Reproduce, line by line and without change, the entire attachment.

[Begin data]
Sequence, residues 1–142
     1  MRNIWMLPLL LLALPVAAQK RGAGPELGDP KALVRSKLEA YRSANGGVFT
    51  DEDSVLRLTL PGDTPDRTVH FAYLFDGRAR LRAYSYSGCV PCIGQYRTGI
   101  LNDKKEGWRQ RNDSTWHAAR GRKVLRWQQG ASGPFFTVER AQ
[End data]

Sequence, residues 1–142
     1  MRNIWMLPLL LLALPVAAQK RGAGPELGDP KALVRSKLEA YRSANGGVFT
    51  DEDSVLRLTL PGDTPDRTVH FAYLFDGRAR LRAYSYSGCV PCIGQYRTGI
   101  LNDKKEGWRQ RNDSTWHAAR GRKVLRWQQG ASGPFFTVER AQ